So that means implementing Pro's features last-minute then, huh? Because Pro has some really nice stuff packed in that Free lacks. I guess it's not a big deal if you already know what you're dealing with but of the Indie devs I know, they'd rather outright save up for Pro and not have to worry about the rest.
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Post » Tue Apr 01, 2014 9:40 pm

DatapawWolf wrote:
digitalsoapbox wrote:This pricing isn't really accurate, as you can also sign up for Unity's subscription service, which now has no set time limit on how long you have to sign up for. So, you could create your entire project in Unity, for free, and only sign up for the subscription to push it out to platforms outside of OSX/Windows/Linux. I've easily saved thousands of dollars using their subscription service instead of buying each major release outright, as was required previously.

So that means implementing Pro's features last-minute then, huh? Because Pro has some really nice stuff packed in that Free lacks. I guess it's not a big deal if you already know what you're dealing with but of the Indie devs I know, they'd rather outright save up for Pro and not have to worry about the rest.


You can keep the monthly account for as long as you'd like, and given Unity's recent upgrade cycle length is more bang for your buck than purchasing outright.

As for missing Pro features: other than internet multiplayer/networking they're almost entirely graphical, so even if that means you're paying $75/mo for, say, 3-6mo to add those graphical features you're still saving a ton of cash to put towards another part of the development process - mobile licenses, for example. I can't really comment on how long it would take to add the networking stuff in, and I can't say I've seen a ton of Unity (or Unreal tech in terms of indie dev) that really use it anyway.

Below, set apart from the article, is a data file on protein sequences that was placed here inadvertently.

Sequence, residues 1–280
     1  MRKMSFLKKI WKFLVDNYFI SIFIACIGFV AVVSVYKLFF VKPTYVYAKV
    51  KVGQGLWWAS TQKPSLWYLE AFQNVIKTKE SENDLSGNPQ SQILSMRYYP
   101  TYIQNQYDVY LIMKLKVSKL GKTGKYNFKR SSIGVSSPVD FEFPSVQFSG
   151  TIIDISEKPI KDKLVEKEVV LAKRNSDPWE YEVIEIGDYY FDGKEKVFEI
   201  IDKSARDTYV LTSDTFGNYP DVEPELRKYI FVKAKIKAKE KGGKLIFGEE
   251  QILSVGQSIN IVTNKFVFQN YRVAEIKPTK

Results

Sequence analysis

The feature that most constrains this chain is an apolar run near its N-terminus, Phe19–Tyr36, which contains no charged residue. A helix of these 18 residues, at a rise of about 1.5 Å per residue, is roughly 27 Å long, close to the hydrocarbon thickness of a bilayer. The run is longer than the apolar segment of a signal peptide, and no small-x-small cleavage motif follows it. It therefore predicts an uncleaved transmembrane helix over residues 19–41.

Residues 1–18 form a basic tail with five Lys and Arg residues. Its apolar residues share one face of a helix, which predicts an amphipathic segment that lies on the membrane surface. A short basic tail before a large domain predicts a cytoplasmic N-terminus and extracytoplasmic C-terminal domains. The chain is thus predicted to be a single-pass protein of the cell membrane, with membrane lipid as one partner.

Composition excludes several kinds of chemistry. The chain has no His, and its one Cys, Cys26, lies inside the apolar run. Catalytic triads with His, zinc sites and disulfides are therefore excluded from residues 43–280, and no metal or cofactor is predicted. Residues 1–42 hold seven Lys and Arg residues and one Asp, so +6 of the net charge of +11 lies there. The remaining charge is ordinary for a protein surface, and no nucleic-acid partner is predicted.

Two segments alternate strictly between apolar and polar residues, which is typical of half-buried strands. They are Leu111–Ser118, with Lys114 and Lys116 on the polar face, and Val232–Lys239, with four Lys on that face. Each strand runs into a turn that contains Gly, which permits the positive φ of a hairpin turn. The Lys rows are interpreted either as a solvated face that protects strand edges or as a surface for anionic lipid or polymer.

I've been using Unity since the first versions on Windows (2.x somethingorother) and their current monthly pricing plan is by far the best deal I've seen in terms of providing access to powerful game (and other) development tools at a more indie-friendly cost. And what with the company's general responsiveness to their community - far more than Epic/Unreal's actual day-to-day engagement - if someone were looking to make a 3D game, Unity would be my first recommendation.

For 2D, I'll still push C2 over Unity2D any day. With Scirra's very supportive, mostly friendly and knowledgeable community it's a total no-brainer, not to mention the awesome and personal support their team provides.
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Post » Wed Apr 02, 2014 1:03 pm

digitalsoapbox wrote:This pricing isn't really accurate, as you can also sign up for Unity's subscription service, which now has no set time limit on how long you have to sign up for. So, you could create your entire project in Unity, for free, and only sign up for the subscription to push it out to platforms outside of OSX/Windows/Linux. I've easily saved thousands of dollars using their subscription service instead of buying each major release outright, as was required previously.


could you point out to where you heard/saw this!? if i go right now to the buy tab in the unity site, and choose the subscription, i get this:
"A subscription runs for a minimum of 12 months and is available via the Online Store."

if you choose the TERMS tab:
"The minimum commitment period for a subscription is 12 months. You cannot cancel your subscription before its expiry date."
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Post » Wed Apr 02, 2014 2:47 pm

@fremachuca I'd like to know as well. Now I'm curious as to if @digitalsoapbox did this before they must have updated their terms. Now we know it's not an option, at least!